Nick Drake
Bryter Layter


4.5
superb

Review

by Brendan Schroer CONTRIBUTOR (171 Reviews)
April 10th, 2021 | 10 replies


Release Date: 1971 | Tracklist

Review Summary: "I've been a long time that I've wandered through the people I have known."

Bryter Layter is often considered the black sheep of Nick Drake’s discography because of its more accessible and upbeat nature. I suppose it’s not hard to see why this is the case on a surface level; after all, we’re talking about a man whose most acclaimed piece of work is one of the most intimate and barebones folk albums you’re likely to find. But is it really so bad to hear the other side of the dynamic spectrum? Yes, Bryter Layter is a bit poppier. Yes, it’s very lavishly orchestrated and densely arranged. In fact, Nick Drake himself intended to approach the project with The Beach Boys’ Pet Sounds in mind, if that’s any indication as to how we got these results. Regardless, the true core of this record remains the same: Nick Drake and his elegant guitar playing. The intro sets the tone perfectly: you’re listening to his signature acoustic folk, humble and organic, but with a thick coat of string accompaniment slathered on top. This opener is even a bit deceptive, coming off as incredibly uplifting and lacking the typical melancholy that defines Drake’s work. But fear not, as the singer-songwriter still exhibits enough of his trademark introspection and moodiness for Bryter Layter to be easily identified as another facet of his recognizable sound.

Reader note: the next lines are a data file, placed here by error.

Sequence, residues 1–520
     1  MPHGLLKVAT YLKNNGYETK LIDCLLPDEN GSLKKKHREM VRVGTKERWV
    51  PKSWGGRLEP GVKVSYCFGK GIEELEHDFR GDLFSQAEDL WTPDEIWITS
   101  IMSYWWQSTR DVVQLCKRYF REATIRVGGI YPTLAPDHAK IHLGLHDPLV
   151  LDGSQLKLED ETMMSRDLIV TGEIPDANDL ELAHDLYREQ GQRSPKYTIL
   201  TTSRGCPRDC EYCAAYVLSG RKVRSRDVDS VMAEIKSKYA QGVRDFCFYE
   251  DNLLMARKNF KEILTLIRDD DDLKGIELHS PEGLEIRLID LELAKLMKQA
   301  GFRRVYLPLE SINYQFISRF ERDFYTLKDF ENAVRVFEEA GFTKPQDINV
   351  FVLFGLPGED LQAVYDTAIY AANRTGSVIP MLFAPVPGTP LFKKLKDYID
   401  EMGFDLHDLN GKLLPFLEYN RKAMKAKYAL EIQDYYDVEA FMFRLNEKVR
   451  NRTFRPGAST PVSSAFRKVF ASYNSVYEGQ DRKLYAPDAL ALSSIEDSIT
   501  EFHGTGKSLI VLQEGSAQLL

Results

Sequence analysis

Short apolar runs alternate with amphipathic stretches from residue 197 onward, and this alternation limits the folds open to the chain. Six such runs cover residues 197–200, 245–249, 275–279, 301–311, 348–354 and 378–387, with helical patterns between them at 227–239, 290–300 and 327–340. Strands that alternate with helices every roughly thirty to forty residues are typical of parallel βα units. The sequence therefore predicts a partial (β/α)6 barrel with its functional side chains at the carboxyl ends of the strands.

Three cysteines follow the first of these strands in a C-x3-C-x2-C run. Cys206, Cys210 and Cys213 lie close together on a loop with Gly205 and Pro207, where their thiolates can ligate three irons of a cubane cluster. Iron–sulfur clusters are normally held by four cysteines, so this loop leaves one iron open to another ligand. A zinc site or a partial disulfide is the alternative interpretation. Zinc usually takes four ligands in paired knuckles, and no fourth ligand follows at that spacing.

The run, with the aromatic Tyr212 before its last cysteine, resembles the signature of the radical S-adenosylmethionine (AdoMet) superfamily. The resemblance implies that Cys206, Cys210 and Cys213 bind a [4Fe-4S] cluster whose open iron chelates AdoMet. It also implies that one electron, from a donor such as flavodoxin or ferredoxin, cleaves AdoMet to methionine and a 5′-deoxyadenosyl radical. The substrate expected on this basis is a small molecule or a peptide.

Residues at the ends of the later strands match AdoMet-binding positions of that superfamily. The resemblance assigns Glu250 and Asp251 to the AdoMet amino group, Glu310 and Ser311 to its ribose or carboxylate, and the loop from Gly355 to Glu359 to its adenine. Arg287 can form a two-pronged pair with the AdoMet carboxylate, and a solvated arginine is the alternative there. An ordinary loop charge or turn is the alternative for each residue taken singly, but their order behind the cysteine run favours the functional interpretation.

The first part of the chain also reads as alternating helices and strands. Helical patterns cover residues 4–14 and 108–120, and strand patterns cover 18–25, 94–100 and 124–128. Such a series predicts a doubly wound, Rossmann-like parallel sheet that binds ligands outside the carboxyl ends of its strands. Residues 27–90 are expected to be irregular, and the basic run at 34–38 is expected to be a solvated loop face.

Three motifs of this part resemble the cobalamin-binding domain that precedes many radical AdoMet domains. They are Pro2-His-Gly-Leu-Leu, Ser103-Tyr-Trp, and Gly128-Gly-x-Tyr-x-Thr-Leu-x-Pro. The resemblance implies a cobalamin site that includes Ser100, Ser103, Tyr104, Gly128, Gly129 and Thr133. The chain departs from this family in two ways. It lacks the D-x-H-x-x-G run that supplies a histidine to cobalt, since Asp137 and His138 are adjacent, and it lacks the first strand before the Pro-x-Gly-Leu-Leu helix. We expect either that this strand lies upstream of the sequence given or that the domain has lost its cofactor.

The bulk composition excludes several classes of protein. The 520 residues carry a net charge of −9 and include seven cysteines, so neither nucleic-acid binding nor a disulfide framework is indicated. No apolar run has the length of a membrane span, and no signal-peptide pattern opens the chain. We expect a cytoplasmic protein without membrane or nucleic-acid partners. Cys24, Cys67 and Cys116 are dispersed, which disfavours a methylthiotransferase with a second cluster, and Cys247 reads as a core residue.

It may not be immediately evident, but one thing that sets Bryter Layter apart from Drake’s other two releases is the distinct urban flavor that defines it. There are more depictions of street and city life, and prominent touches of jazz-inflected songwriting add more color to the beautiful acoustic framework that Drake himself provides. The affair is more representative of walking down an alleyway on a chilly autumn day, especially in its ability to capture both loneliness and quiet solitude with its backing instrumentals. One can hear Drake’s intent to steer himself away from the sunny (still melancholic, of course, but sunny nonetheless) pastoral atmosphere of Five Leaves Left to experiment with some new sounds and textures. Frankly, the results are often quite stunning; the tools the singer-songwriter employs to fill in the empty spaces really lead the listener to wonder what else he could have done if he’d lived longer. From the soulful backing choir of the bluesy “Poor Boy,” to the emotionally gripping symphonic flair of “Hazey Jane I,” to the forlorn saxophone wailing of “At the Chime of a City Clock” (and “Poor Boy” for that matter), to the quaint flute soloing of “Sunday,” to the fantastic jazz-driven piano work that dominates “One of These Things First,” there’s a wide array of ways that Drake is able to flex his creative muscle. Sure, a few tunes get a bit too cheesy and dated - “Hazey Jane II,” as I mentioned, may be the prime example - and a song like “Fly” may wear its Pet Sounds influence a bit too proudly, but regardless, the highlights on Bryter Layter are some of the best highs in Drake’s tragically miniscule body of work.